Monte sticks to his guns


Photo by coutesy of Noah Monte

Senior Noah Monte displays the goat he took down on a hunting expedition in PoliPoli. He waited about four hours until a herd of goats came into the gulch he was hiding in, and used a Ruger .270 rifle to get the kill.

Senior Noah Monte might be a football player and paddler for Kamehameha Maui, but this athlete takes his abilities to the shooting range, too.

Monte started to shoot casually with his family at the age of eight, and eventually moved on to the Maui Trap & Gun Club’s shooting range in Haliʻimaile.

He learned trap shooting, which is shooting at a single clay target that’s launched from a machine, and sporting clays, which involves shooting at clay targets being launched from multiple points, usually on a more complex course.

After gaining experience, Monte began to shoot competitively at the age of 12, shooting in tournaments on Maui. Despite his shooting skills, Noah hasn’t won any shooting competitions, and says that he gets “choked up” at competitions.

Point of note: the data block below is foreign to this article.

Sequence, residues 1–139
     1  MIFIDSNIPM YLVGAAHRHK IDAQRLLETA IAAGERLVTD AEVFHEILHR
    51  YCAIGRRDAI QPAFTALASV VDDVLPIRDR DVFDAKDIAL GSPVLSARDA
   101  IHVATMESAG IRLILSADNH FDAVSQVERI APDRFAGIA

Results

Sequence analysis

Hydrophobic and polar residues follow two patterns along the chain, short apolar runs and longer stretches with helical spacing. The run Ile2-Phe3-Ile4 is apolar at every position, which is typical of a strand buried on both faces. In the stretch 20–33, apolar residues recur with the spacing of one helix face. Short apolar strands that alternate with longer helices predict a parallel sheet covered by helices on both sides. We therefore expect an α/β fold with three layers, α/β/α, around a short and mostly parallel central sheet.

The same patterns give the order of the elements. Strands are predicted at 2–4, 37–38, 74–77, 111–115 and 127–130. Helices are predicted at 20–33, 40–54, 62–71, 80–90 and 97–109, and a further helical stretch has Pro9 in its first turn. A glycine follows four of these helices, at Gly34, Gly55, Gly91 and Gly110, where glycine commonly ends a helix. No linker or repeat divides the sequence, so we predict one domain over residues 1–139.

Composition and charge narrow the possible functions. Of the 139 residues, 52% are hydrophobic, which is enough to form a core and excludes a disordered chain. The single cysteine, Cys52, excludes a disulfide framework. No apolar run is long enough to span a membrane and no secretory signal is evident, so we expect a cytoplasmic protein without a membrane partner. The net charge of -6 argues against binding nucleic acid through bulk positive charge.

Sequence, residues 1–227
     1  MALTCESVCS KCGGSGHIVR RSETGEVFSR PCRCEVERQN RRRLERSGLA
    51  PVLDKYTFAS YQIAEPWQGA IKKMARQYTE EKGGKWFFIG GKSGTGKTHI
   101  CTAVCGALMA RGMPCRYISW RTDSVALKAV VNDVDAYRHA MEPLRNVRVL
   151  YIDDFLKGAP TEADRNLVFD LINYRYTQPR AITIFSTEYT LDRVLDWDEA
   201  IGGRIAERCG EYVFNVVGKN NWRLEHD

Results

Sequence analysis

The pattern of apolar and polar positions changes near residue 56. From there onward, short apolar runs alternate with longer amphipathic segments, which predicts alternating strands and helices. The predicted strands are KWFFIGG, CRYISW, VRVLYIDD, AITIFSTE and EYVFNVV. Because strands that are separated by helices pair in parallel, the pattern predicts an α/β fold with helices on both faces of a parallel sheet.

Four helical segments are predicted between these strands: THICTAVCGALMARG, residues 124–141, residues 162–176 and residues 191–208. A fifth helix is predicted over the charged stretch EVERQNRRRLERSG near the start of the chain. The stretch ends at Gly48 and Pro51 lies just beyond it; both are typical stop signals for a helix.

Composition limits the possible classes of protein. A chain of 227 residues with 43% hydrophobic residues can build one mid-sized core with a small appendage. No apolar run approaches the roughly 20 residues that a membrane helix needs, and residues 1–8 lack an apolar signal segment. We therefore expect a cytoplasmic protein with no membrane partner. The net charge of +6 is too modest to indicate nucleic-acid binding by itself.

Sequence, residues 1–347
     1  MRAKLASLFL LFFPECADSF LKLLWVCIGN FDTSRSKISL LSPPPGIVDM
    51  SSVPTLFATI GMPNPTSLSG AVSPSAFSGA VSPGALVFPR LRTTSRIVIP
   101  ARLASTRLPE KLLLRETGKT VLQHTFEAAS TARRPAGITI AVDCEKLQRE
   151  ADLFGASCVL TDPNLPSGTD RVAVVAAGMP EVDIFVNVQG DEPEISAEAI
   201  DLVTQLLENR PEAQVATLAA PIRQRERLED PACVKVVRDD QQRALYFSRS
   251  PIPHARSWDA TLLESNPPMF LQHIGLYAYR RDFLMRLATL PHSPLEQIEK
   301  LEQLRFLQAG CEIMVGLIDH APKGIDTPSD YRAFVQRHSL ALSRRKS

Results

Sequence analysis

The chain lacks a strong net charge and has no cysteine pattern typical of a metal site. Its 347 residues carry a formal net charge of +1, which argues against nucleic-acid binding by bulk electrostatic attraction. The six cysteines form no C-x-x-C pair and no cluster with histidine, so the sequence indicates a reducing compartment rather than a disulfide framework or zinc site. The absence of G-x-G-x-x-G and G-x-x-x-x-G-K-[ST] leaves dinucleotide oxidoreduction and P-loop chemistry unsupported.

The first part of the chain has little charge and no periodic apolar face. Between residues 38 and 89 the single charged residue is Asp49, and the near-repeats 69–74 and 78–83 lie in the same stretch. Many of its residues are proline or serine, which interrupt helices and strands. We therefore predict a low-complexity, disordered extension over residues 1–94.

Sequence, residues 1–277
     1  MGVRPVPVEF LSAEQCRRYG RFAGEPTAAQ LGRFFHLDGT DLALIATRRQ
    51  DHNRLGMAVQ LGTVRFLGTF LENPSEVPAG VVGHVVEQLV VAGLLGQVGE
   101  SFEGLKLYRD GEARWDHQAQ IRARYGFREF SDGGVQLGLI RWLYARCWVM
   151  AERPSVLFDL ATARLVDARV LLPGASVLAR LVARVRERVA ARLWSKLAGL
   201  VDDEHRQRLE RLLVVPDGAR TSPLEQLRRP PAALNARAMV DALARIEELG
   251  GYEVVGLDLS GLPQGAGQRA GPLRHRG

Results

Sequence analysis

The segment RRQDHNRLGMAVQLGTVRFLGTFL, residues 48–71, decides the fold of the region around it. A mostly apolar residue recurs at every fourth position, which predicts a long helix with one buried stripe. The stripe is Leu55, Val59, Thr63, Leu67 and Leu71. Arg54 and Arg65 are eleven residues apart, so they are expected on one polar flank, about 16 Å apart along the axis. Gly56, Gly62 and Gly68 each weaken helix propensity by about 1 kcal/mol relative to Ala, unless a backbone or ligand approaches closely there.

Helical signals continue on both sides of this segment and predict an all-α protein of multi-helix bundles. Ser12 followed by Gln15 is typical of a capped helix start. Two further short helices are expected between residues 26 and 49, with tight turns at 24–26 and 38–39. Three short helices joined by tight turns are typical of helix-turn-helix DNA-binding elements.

“My scores when I’m shooting with friends and family are always a lot better,” he said.

He stopped competitively shooting during his sophomore year because he was too busy with school work, although he still shoots casually sometimes.

For anyone looking to take up the same hobby, Monte says they just need a “safe, isolated location” where they can shoot. He recommends a 12- or 20-gauge shotgun, and says that cheap clay shooters will do the job for a beginner. He suggests the Do-All Full-Cock Clay Hawk Trap from Cabela’s.

Monte also enjoys hunting, but surprisingly, he doesn’t think that his clay shooting skills apply to the hobby.

“I think hunting and shooting clays are two different things, and require two different sets of skills,” he said.

Noah said that even though there’s the aiming aspect to hunting, that shooting at clay targets helps with, there’s a big difference in the shooting circumstances.

He said that with hunting, a shooter has to be quiet and still, and usually shoots at a target (the animal) that isn’t moving. In clay shooting, the target is moving quickly, and it doesn’t require the shooter to be stealthy.

Although Monte enjoys both shooting at a range with his family and hunting goats in the mountains, this senior is says he really enjoys hitting clay targets.

“My favorite part of shooting is the kick of the gun, and the smell of the powder after dusting a clay bird,” he said.